BzaInSpace wrote: ↑Wed Jul 17, 2019 5:30 pm
angelsighs wrote: ↑Wed Jul 17, 2019 8:38 am
so believe it or not, it's now been 10 months since And Nothing Hurt came out.
we are not far off a year since it's release.. and no proper UK tour, no further videos or anything.
anyone think it's been weirdly low key?
I kinda wish they had done an extensive UK tour.
However I remain eternally glad I made it to that Glasgow show. That ecstatic feeling lasted for weeks... and even now it's a real high just thinking about it.
I always mean to post a full-on review thing about And Nothing Hurt
- won't happen today but I will say that it's magnificent. I stopped listening to it for a bit as I didn't want to ruin it... but it remains a go-to for a particular kind of music high I can't get elsewhere.
What I will say is that the production levels are insane - there's so much going on in a lot of those songs, the layers of instrumentation going on is beyond. Loads of subtle (or not) effects, the louder you listen to it the more you can hear. Even on a phone with decent headphones on a slight volume adjustment brings up further layers of stuff. Truly incredible & beautiful.
I wasn't even that keen on 'A Perfect Miracle' on first hearing and now... it's just something else. Those lyrics get so dark. The insane highs and crushing lows of doomed relationships never sounded so pretty:
"My phone has been broke/And I thought that we spoke....I met someone else/you should try it yourself..."
- woah. Or woe. Pretty sure the similarity with the title track of LAG
... wasn't an accident - despite claims otherwise.
Working backwards in respect of the above:
I honestly don't think A Perfect Miracle is compositionally related to Ladies And Gentlemen... apart from a similar basic structure transposed to a different key. The bare boned ukele (or is it a tense 4 string banjo?) Bach-esque descending melody is vaguely reminiscent, yet turns out quite differently.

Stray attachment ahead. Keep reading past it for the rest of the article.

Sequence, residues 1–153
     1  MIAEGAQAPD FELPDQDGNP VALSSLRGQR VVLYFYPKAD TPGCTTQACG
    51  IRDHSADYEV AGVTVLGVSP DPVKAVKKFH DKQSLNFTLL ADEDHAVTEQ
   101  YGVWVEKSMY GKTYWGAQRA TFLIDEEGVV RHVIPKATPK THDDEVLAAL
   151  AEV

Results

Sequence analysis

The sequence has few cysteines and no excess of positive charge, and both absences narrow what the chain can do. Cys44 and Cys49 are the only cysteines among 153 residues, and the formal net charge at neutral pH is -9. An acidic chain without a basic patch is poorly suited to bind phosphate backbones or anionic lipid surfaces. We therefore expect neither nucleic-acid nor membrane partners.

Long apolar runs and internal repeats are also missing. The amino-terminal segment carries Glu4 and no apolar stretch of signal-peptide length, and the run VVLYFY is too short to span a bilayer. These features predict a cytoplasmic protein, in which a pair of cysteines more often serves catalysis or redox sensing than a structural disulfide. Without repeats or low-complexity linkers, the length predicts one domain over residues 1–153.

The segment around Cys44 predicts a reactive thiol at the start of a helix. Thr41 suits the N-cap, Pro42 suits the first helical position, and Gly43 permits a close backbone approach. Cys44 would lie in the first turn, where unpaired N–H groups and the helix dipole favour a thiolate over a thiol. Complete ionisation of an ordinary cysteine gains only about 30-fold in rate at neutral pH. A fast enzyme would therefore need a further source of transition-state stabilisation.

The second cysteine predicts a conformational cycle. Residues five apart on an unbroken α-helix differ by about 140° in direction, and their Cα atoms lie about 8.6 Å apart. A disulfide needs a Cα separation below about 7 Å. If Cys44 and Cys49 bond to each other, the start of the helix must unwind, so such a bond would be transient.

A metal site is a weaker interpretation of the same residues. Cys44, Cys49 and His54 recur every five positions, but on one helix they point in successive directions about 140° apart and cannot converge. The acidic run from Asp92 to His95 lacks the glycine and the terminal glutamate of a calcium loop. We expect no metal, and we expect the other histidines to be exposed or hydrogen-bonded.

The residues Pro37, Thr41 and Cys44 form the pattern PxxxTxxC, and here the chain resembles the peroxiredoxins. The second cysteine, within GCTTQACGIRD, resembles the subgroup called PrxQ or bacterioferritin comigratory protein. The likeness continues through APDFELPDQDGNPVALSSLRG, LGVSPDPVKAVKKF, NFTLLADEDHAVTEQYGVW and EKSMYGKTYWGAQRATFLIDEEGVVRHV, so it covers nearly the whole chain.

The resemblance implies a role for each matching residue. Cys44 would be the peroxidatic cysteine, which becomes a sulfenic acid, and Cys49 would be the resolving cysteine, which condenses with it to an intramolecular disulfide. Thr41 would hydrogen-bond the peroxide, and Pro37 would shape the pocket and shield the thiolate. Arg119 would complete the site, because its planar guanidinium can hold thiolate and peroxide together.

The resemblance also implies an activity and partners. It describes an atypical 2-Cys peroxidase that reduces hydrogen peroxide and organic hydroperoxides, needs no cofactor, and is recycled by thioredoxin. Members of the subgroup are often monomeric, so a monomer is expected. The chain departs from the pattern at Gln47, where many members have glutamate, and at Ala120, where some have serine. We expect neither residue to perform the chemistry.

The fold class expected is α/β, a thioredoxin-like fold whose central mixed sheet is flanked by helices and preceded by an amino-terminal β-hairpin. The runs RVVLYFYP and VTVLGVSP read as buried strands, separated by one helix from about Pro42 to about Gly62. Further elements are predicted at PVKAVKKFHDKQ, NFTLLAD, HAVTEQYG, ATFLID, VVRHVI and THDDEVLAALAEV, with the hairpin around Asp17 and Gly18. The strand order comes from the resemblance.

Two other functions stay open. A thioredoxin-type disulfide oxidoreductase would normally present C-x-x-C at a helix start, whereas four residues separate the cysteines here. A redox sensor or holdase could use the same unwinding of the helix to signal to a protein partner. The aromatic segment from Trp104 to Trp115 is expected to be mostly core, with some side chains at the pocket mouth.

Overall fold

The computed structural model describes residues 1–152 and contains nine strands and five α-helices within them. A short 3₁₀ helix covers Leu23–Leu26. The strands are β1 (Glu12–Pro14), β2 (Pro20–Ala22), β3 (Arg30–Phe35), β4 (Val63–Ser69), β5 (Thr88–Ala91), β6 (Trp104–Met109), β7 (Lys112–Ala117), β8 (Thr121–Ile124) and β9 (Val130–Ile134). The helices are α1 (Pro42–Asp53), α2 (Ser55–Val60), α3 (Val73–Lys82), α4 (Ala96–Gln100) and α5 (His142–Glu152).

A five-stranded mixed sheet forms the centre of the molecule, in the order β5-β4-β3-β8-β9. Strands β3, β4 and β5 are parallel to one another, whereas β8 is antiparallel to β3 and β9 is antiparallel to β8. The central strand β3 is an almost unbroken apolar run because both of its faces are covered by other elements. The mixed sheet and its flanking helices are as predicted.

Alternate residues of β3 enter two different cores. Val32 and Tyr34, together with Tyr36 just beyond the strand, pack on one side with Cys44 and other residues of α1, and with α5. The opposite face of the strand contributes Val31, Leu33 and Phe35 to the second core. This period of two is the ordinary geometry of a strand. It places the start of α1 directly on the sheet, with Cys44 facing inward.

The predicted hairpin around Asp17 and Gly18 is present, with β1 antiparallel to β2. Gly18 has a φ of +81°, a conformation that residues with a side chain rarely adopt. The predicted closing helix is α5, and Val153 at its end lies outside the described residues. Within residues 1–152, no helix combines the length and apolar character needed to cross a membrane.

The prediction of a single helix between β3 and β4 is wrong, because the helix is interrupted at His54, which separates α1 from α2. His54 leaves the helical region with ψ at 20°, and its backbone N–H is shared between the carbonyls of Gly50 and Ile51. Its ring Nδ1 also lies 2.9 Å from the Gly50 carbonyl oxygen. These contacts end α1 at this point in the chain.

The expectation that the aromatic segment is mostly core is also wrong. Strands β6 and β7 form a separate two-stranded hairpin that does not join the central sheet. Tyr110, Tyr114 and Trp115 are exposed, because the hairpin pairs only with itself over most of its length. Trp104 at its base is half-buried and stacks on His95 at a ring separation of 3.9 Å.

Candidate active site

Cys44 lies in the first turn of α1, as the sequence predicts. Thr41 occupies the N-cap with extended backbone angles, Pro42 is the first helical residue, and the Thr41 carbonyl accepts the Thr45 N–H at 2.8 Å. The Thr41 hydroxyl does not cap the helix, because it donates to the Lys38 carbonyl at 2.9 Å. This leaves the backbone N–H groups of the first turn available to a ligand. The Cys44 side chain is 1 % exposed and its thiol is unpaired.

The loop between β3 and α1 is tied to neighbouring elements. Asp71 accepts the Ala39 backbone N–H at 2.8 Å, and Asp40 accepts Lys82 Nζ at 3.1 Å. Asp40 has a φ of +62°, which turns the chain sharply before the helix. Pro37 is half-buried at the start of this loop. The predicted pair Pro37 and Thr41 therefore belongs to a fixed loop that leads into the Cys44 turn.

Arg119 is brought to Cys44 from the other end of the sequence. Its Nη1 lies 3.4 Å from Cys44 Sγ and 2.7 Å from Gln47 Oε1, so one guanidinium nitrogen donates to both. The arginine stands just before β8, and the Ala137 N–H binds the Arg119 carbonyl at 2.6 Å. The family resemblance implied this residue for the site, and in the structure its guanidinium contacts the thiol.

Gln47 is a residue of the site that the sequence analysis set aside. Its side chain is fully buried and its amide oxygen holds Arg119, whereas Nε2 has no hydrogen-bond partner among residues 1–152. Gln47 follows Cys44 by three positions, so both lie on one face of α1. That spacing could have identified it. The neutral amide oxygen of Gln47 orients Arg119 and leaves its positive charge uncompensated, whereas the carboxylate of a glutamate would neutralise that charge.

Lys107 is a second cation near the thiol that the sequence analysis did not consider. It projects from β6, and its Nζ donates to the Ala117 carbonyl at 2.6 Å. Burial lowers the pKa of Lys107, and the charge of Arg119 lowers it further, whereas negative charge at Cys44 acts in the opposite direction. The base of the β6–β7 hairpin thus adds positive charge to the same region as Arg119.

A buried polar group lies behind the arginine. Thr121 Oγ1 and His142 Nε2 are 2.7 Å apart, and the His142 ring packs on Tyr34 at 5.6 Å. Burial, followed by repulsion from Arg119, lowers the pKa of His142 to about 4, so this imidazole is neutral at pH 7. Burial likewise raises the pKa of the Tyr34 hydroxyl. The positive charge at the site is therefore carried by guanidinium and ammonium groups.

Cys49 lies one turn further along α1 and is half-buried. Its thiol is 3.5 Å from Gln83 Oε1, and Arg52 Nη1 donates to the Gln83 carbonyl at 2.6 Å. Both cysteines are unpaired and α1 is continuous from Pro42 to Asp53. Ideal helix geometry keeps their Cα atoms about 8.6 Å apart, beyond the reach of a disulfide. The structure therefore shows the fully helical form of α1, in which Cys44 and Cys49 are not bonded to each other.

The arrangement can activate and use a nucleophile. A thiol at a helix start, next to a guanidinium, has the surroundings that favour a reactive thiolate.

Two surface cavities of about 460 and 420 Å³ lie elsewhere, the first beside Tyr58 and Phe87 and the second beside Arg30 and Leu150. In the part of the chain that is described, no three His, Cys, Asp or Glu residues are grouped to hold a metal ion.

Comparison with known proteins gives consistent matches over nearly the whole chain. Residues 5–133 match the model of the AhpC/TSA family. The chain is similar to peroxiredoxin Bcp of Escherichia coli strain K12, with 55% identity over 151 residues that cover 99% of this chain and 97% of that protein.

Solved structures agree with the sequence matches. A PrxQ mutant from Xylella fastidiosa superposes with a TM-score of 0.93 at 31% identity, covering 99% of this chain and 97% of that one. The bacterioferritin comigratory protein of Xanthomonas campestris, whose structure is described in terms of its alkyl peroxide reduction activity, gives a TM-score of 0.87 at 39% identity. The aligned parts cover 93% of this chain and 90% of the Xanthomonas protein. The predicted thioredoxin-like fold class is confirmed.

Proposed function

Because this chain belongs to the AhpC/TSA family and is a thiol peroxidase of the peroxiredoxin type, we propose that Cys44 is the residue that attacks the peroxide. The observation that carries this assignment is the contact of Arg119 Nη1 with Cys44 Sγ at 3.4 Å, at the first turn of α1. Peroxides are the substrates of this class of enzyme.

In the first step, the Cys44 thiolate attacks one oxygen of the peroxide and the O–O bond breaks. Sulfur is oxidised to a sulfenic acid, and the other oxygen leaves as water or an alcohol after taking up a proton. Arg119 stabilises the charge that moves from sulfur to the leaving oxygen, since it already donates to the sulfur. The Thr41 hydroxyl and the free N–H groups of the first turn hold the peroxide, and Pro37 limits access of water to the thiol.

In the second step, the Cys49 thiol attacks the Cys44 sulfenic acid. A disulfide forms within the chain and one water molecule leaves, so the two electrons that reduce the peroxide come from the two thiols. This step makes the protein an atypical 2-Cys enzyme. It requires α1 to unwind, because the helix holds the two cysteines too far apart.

Throughout his career, Jason has employed similar structures and simple chord sequences - the brilliance and skill that results has been in his deft use of dynamics and dense production values, bringing new and invigorated songs to life.
In respect of dense production techniques, I think that is what makes the new album so refreshing. There is far more good stuff going on in the deep weeds, compared with the previous two albums.
I think the creative depths plumbed via limitations such as those Jason encountered in not being able to avail himself of costly studio time, big budget enabled employment of large ensembles etc, is what makes ANH so refreshing. Also his new recording technique seems better-suited to taking lots of time to tweak the best from every element available at mixdown.
Rather than taking workmanlike retreads of familiar writing techniques, then adding clichéd syrupy strings and/or lots of distorted guitar parts to fill out and put meat on the proverbial bones - he's used far more original production and instrumentation to good effect, most notable in the dense midrange that only reveals itself in decent quality listening environments.
I don't recall the same subtleties I hear on ANH through my PMC monitors, revealing themselves on SH/SL or A&E. There's so many hidden depths, spread wide throughout the entire frequency spectrum, that offer up a complexity neither previous album offered.
To me the most attractive element of the ANH production, is the combination of the density last heard on LICD, plus the judicious placement of carefully orchestrated multiple key parts - with a precision I don't recall hearing since LGM and Pure Phase.
The combining of new songwriting styles with those different yet now complimentary production values, is the most interesting and exciting aspect of the new album for me.
I think Jason's careful curation of complex, detailed and crunchy parts within the mid and upper midrange elements of the frequency spectrum, brings a special new life to what on the paper musical score may not be especially interesting or new tracks.
I wish I hadn't bothered with that uber-compressed pre-release stream on NPR. I hastily ripped it to CD and was disappointed with how flat it sounded. The dynamic force present on the actual album was sorely missing.
The Glasgow gig was great. I'm now ready for a more diverse set on a comprehensive UK tour, with a local date and hopefully a couple more I can easily get to. I want to hear electric live staples like Take Your Time, which has always been my favourite live track.
Far be it from me to tell Jason how to do the music business, but it seems a little unfair that our American friends got a decent tour before the UK. Furthermore I'm not convinced that playing the new album in full at every gig, is not potentially a display of artistic stubbornness triamphing over conventional touring economics.